And if you turn the bass and treble controls up on your receiver, the sound becomes fuller.   Is there distortion when you do that?  Probably.  Is it noticeable?  Depends on your amplifier and your room acoustics.  I don't find it to be a problem.

These have a reputation for sounding good with a tube amplifier.   (See Distortion for a partial explanation of why.)

Unlike many small, lightweight speakers, the SP-30's don't have that flimsy, balsa-wood sound when you play music through them.  They're not exactly big Cerwin Vegas, but then again they don't sound like a kid's toy phonograph speaker, either.  The SP-30's can fill an average room with music;  in fact, you could probably listen to them from the next room. 

When I've tried that, they've always sounded quite OK to me.

Some people stuff the cabinets with polyester fill or even fiberglass insulation.  (Or, even better, get this stuff.)  Any of these will improve the bass response somewhat.  They will also attenuate unwanted resonance in the cabinet. 







Re-Capping


The SP-30 uses a single 2.2 µF capacitor in each crossover.  The capacitor is glued to the metal bracket on the tweeter assembly.   Being electrolytic, these capacitors can go bad.   And the failure doesn't have to be complete;  the speaker could still work, but the sound quality might be somewhat degraded. (Capacitance can drift over the years.)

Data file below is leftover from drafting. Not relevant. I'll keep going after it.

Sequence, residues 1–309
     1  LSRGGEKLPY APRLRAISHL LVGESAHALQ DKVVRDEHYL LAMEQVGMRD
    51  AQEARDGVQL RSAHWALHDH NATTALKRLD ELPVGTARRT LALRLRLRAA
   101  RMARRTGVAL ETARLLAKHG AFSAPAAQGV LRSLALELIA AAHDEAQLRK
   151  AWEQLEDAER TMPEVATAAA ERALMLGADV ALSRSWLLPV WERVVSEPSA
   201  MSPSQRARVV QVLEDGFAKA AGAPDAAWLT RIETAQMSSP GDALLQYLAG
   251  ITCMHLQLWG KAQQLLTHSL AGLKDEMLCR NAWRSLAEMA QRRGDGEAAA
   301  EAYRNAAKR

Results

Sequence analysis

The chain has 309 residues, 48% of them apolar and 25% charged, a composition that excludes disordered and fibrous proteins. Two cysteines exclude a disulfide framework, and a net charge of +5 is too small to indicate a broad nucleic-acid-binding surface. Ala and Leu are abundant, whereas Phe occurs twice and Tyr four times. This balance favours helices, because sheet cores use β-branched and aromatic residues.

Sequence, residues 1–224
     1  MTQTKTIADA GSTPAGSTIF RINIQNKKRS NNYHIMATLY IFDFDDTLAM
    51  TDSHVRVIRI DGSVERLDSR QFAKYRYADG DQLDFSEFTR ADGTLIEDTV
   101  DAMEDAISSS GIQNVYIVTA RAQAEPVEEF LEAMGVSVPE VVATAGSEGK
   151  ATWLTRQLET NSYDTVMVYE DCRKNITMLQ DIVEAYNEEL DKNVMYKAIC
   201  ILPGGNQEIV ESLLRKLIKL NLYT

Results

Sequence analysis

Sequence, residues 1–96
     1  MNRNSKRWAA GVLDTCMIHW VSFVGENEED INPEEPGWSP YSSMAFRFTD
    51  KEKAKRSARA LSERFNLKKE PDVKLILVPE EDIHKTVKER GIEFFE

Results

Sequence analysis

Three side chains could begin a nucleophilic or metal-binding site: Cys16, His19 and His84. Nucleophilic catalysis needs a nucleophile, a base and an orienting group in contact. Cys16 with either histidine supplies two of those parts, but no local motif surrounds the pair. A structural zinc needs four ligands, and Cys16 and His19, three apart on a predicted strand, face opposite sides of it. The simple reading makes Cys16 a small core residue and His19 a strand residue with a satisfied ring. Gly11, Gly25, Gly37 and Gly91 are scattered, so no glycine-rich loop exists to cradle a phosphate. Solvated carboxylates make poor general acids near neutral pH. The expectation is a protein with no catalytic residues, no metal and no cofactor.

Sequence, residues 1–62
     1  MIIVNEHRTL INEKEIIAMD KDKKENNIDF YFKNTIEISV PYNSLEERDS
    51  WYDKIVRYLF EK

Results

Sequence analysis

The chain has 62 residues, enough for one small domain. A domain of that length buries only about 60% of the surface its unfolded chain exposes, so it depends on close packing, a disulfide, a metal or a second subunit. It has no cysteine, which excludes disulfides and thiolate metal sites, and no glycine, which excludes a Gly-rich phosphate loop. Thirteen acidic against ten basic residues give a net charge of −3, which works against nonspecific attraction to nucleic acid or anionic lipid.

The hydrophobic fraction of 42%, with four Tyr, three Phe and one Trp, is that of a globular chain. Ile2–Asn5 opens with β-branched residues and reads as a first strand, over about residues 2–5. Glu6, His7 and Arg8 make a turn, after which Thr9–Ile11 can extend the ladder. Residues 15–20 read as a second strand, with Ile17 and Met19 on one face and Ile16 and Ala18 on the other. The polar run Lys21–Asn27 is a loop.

Replace the electrolytics with a good polypropylene capacitor.   This will improve the sound.

Most people get this one for the SP-30's.   It's also 2.2 µF, but rated for more voltage.     These caps really do make a difference.

I would get four capacitors (two pair) in case you mess up a couple of them while trying to solder.  Probably you won't cause the polypropylene film to melt, but if for some reason you cut one of the leads too short, it's good to have an extra.  I say that because these speakers are kind of slow to take apart.  I'd rather have to buy an extra capacitor than have to remove and replace the back again.  (With a very short capacitor lead, you could probably melt the film while soldering.)

Be careful when you solder the leads.  The circuit board material looks to be a phenolic plastic or something else that melts easily.    It doesn't just look easy to melt... it melts.  Been there, done that.